whats the difference between a Fat32 and NTFS HD?
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Thread: whats the difference between a Fat32 and NTFS HD?

  1. #1
    HeadShot Master N1nja Cybr1d's Avatar
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    whats the difference between a Fat32 and NTFS HD?

    My hard drive is partitioned. Thats how I got it with the PC. one of the partitions is NTFS and the other one is FAT32. the NTFS hard drive shows me MUCH LESS free space than it should be. There's about 10 gigs out of the 15 gig partition which is shows as being used. and I'm only using about 4.5 gigs of it with my stuff. No clue where the rest of the space is . Please help

  2. #2
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    Here are the differences in the MS file systems.

    http://www.ntfs.com/ntfs_vs_fat.htm

    More than likely the space is being used and you are not looking for it properly. You can search through these forums for assistance as this questions was just asked like last week.

  3. #3
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    You run NT / Win2K / XP ?
    Normally you can edit (with admin priviliges) the HDD partitioning using the NT HDD admin tool,
    'Logical disk management service' under the system admin tools. Here you can edit NTFS partitions.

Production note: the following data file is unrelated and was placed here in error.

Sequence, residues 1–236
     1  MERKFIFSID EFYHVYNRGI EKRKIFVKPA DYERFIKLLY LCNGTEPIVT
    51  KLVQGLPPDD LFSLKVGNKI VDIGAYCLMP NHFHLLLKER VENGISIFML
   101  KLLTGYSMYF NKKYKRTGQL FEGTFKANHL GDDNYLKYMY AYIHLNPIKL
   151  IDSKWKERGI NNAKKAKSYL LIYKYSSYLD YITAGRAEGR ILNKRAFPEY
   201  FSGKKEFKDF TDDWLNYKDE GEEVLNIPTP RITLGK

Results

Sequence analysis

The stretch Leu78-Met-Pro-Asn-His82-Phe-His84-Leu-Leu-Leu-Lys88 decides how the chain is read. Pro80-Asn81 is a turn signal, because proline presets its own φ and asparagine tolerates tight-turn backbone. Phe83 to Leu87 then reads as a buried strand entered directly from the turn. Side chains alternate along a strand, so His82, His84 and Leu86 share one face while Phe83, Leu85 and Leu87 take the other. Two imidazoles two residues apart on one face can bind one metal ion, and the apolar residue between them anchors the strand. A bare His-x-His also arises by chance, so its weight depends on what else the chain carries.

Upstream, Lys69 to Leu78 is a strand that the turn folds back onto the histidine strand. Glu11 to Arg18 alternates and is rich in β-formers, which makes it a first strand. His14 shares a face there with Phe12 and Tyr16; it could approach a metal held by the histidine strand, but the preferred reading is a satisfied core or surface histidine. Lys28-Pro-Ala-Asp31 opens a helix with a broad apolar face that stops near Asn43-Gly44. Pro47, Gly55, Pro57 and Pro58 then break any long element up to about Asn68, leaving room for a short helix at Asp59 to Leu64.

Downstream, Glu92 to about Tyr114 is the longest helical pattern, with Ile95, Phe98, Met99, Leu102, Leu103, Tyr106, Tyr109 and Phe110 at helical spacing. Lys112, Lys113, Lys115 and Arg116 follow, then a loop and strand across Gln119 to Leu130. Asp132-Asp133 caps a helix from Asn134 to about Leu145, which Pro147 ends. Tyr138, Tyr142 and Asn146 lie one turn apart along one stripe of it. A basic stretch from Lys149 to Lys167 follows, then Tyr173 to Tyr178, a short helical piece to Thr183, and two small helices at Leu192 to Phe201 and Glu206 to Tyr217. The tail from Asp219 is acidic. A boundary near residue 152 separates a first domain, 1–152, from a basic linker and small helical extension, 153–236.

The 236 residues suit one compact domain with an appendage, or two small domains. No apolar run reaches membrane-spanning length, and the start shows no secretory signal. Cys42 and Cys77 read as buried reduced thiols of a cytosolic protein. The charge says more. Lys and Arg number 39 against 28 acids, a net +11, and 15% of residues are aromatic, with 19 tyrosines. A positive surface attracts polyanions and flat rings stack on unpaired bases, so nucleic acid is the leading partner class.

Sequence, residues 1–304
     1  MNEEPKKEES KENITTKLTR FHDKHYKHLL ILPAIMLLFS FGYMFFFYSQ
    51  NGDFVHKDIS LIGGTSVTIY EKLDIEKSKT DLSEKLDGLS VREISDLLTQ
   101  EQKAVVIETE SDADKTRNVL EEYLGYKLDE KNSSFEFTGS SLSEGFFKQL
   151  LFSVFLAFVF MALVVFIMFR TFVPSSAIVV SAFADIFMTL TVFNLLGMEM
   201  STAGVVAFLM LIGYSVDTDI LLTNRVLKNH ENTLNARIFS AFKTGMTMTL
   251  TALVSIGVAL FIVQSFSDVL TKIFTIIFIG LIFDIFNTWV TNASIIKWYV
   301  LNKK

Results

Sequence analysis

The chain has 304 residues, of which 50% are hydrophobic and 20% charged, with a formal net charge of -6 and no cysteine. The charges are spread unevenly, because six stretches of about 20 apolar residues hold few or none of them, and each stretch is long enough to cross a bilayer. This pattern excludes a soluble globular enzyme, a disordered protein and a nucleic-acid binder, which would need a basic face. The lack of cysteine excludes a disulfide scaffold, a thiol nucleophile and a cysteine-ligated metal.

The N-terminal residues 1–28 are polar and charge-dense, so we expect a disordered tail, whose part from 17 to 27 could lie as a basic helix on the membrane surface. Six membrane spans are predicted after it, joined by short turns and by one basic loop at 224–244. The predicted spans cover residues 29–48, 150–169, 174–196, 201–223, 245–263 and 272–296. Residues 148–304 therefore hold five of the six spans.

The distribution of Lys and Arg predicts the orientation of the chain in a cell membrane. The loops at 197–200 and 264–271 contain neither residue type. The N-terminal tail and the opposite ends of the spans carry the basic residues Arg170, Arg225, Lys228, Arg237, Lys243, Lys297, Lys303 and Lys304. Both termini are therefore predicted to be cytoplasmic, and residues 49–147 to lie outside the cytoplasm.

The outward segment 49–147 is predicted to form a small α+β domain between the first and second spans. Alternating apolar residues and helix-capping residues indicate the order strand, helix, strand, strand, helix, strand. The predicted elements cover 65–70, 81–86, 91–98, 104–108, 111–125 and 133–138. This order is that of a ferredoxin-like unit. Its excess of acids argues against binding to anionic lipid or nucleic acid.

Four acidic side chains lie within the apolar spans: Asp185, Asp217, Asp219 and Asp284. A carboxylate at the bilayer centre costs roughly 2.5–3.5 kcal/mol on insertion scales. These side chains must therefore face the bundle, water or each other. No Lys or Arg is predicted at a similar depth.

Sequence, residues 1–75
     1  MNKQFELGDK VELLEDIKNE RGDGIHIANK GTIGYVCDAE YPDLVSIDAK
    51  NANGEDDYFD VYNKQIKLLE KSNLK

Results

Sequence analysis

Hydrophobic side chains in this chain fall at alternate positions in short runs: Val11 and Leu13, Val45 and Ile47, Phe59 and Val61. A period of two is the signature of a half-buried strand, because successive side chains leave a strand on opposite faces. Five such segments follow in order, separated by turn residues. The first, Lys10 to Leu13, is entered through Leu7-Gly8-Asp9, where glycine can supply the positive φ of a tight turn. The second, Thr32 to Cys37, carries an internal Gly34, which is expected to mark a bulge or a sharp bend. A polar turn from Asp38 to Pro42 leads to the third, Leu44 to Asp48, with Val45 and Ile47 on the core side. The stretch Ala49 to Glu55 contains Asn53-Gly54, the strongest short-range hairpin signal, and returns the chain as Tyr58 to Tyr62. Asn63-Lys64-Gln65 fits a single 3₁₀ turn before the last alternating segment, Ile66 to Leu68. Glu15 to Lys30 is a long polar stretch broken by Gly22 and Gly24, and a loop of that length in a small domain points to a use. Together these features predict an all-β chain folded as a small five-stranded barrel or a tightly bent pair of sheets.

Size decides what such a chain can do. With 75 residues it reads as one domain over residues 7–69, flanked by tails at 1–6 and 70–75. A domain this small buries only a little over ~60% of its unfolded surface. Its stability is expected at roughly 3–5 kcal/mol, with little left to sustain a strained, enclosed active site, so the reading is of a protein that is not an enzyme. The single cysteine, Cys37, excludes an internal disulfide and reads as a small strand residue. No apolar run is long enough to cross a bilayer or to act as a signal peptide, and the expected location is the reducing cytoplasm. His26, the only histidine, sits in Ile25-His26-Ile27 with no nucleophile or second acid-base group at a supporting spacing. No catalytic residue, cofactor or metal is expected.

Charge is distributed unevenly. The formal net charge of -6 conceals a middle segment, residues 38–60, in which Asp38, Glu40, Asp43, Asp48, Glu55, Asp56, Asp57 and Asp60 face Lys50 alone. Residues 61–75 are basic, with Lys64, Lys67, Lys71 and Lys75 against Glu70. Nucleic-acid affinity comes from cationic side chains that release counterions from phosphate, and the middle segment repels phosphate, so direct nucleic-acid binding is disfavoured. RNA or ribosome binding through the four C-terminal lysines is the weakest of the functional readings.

Explained very very basic:
    A FAT32 partition is basicly a better FAT16. It allows to use bigger disks and has better cluster management so it safes space and reduces slack.
    NTFS is a completly different filesystem and saves even more space and reduces more slack than FAT32, it allows for better security setup. If you stick with MS, from a security and efficiency point of view, NTFS is the best choice.

    The rest of your space probably shows up in the disk management as a grey field called unused space, you can make a new partition there.
    If you used dynamic pools, but since you ask this question, you probably didn't, you can even expand and restore partitions... or add partitions to the pool. Very cool on a raid-5 server when you have to restore...

  4. #4
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    possibility for used space

    If you're using WinXP, one thing that can take up large sections of space on your drive are system restore save points. It defaults to something like 15% of each drive's space, so that'll be just under 2 gigs of your total 15. That's one idea.

    Just do a search for "restore," and look for a folder that is way bigger than the rest. Mine was something like 12 Gigs when I had a problem similar to yours. The folder is hidden by default, in case you can't find it. If you do have system restore on, but want to reduce its save size, go to Start>Programs>accessories>System Tools>System Restore click on settings, and change the percentage to whatever is more resonable to you. If you backup your data regularly, and have a XP restore disk, you can just shut sys resore off altogether.

    Hope this helps

    Corn

  5. #5
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    The paranoid reaction would be: "Somebody is using a rootkit on my sytem to steal my free space". But the probabilities to this are very (very) poor.

    I would more probably say that Windows is, as usual, hidding some big files (like corndog420 assumed) or that its counting method is not really good.
    It reminds me a friend who had had a similar problem with a new clean install of XP. So, maybe its common. Somebody else had had a similar experience?
    Life is boring. Play NetHack... --more--

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